Working in a school is like any other area of life - you have to find your people. I'm fortunate enough to work with an amazing group of people, but one of my favorite, and most richly rewarding collaborations has been with my art teacher, Rachel. We collaborated on the zoo project I wrote about earlier, and this Thursday night, we presented on our graphic novel project at the 3rd annual Better Together conference, cosponsored by MSLA and MassCUE.
You can find a link to all our materials here, and this is a picture of our snazzy poster, which is now hanging out in the front seat of my car, because it seems a shame to throw it away.
The project takes roughly 4 weeks in library and 4 weeks in art, and we teach our respective lessons back-to-back so that it doesn't consume either of our curricula. I begin by talking to the kids about how a graphic novel is different than a comic strip - both are popular genres in my library, so I try and make connections the kids will relate to. Above all, I want them to understand that a graphic novel is a novel, it just happens to have pictures in it as well.
The next week, we move on to talking about plot structure and language choice, then students begin to brainstorm what their main character looks and acts like using a character guide. Finally, students do a brief storyboard to get their creative juices going before they transition to art. I send along all the materials they've worked on in library to art, and from there the students learn about how to put a graphic novel together.
Rachel's part of the project involves teaching the kids how to think about the layout of a graphic novel - why would you want to choose different layouts and panel shapes/sizes, perspective (when might you want to zoom in on your drawing, and when might you want a panoramic view), and how to communicate visually using facial expressions, speech bubbles, captions, and more.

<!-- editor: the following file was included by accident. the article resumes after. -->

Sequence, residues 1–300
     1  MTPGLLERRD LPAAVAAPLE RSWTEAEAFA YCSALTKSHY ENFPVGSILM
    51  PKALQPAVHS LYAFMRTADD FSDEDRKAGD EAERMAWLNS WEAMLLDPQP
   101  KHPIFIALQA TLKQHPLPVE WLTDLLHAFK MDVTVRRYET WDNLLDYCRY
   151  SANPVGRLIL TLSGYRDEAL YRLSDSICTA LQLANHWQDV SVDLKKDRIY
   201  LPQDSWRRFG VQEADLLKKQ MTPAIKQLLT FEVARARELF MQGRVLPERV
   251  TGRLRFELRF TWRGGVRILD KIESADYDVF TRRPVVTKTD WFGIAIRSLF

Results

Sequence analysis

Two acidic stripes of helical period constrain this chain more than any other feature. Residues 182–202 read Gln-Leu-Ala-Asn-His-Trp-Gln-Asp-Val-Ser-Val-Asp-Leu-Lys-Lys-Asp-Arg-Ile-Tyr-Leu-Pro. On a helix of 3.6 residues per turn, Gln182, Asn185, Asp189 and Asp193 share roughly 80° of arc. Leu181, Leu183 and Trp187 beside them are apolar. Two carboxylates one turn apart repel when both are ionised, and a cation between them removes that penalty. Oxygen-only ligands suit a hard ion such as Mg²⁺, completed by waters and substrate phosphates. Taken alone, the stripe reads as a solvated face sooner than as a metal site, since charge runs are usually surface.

We had a lot of people surprised that we put no restrictions on the students other than "no violence and school appropriate," but I love this aspect, because kids are starved for chances to be genuinely creative. Kids who are usually writing-resistant come to life, and their works really reflect who they are: we've had sci-fi stories, time travel, historical fiction, realistic, fantasy, and more. The whole process gives kids ownership over their ideas and their work, and it really engages them. This is also a tech-free project, which may come as a surprise, but sometimes it's good to disconnect, and a pencil and paper afford the kids far more freedom than pre-set layouts, characters, and backgrounds. If I'm using technology, I want it to be used for a purpose, and since we haven't felt a compelling need to integrate it into this project, we haven't used it. That's OK, too!
My name is Ms. Bery. I am a PK-8 library media specialist in the Boston area. In addition to being a certified school librarian, I am also certified in instructional technology, and have a strong interest in exploring and integrating technology in new and exciting ways in the classroom.
I am also a 2016 PBS LearningMedia Local Digital Innovator, and a 2015 recipient of the Massachusetts School Library Association's President's Award.
Check out the Sandbox for apps and websites I've found useful in supporting student learning and creativity. I also (very occasionally) review children's and young adult literature on my book reviews page.
Other Library Blogs
The Centered School Librarian
Mrs. Lodge's Library
Trust Me, I'm a Librarian
The Librarian in the Middle
Thinking Outside the Library Box
Ask a Tech Teacher